Jim writes that he doubts Specter was important for passing Sam Alito. As somebody who gained much of my first national notice (such as it was) for being engaged in the judicial wars, I can say fairly confidently that Specter’s support was crucial. (I also was the first person in print, or cyber-print, as far as I can tell, to have written that Alito should be Bush’s choice for the high court — about six months before Sandra Day O’Connor announced she would step down — so I was particularly and intensely engaged in the Alito battle.) The biggest battle wasn’t on the Senate floor, although the threat of a filibuster was real and was much closer to fruition than the raw vote would indicate. Instead, the biggest battle was in committee. Alito won 10-8. Significantly, it was the conduct of those committee hearings that rallied support for Alito to the extent that a filibuster became less likely. Specter conducted that hearing masterfully. He came down as eminently fair to both sides, but fought off Ted Kennedy and others very strongly when they tried to hijack the hearings. Significantly, as Alito was from the same circuit as Pennsylvania, Specter enjoyed particular deference as the NEAR-home-state senator, somebody more than usually familiar with Alito and his record — and more than familiar with the fact that Alito had ruled in the Casey case in a pro-life fashion at odds with Specter’s pro-choice position. All of this inured to Alito’s benefit when Specter announced his support, because Specter carried more than the usual amount of credibility with moderates of both parties. I remember thinking at the time (and I think writing, at the Confirm Them blog) that Specter was the absolutely essential player in the drama, without whom Alito would come come within a hair’s breadth (one or two votes either way on the Senate floor) of not being confirmed.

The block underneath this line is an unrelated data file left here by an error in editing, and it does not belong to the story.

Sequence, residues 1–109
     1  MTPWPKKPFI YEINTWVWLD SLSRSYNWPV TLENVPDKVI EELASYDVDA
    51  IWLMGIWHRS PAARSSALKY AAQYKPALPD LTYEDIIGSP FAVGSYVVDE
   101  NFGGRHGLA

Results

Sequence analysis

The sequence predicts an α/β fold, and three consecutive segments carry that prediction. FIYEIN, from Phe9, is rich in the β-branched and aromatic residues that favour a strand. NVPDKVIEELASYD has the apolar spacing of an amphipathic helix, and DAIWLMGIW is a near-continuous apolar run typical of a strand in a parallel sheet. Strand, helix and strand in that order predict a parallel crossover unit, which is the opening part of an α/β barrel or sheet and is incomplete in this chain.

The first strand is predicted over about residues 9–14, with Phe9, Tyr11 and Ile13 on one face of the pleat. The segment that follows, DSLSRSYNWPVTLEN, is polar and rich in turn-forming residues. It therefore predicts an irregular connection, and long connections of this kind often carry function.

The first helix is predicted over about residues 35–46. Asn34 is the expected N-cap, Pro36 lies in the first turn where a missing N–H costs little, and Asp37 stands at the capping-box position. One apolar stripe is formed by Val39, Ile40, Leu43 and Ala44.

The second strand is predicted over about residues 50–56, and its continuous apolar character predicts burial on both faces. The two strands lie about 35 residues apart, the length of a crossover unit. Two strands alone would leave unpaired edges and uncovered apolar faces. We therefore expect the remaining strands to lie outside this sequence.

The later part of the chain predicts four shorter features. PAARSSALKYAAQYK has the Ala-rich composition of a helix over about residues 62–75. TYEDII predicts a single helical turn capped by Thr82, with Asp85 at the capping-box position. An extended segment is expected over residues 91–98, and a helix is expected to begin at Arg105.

Santorum could not have known, of course, that Alito would be a S. Court nominee. But he was absolutely right to think that Specter would play a crucial role in confirming anybody who might be nominated, and Santorum was THE go-to guy in the GOP caucus for outside conservative groups to be heard on judges. He was intimately involved in the judicial battles and highly concerned about the subject, which is why his claim about the commitment from Specter rings true. As for Specter’s denials this morning, I find them rather curious. Santorum has been making this claim for years (I reported it 20 months ago right here at TAS), multiple times, and Specter has not disputed it until now, nor has anybody else suggested that the claim is anything but true or believable. Again, knowing of Santorum’s deep involvement in the judge wars, it rings true.
It is also true that Specter opposed not a single qualified Bush judicial nominee for appeals courts either. As the foremost media advocate for 11th Circuit nominee (now judge) Bill Pryor (Ted Kennedy denounced me specifically for my work on the nomination!), I cared more about Pryor’s nomination than about any other one since Clarence Thomas. Again, I know for a fact that Specter was essential to getting Pryor confirmed.
So, say anything you want about what an unlikeable character Arlen Specter is. But Jeff Lord is absolutely right to write that Santorum’s calculations about Specter and judges were wise and on target.
NOTE: I erred originally in IDing Alito as a Pennsylvanian. A big Phillies fan, he neverthelss is from New Jersey, not PA — although as an appellate judge, Pennsylvania was within his jurisdiction and he ruled on some huge cases out of PA. I have now made the correction above. My mistake.
A man of faith in a godless age is hitting Americans where it hurts.
Mr. and Mrs. American Spectator Reader, let P.J. O’Rourke talk sense to your kids.
In Britain, defending your property can get you life.
It won’t take long for conservatives to scratch this presidential wannabe off their 2008 scorecard.
Was the President done in by the economy, or by the politics of the economy?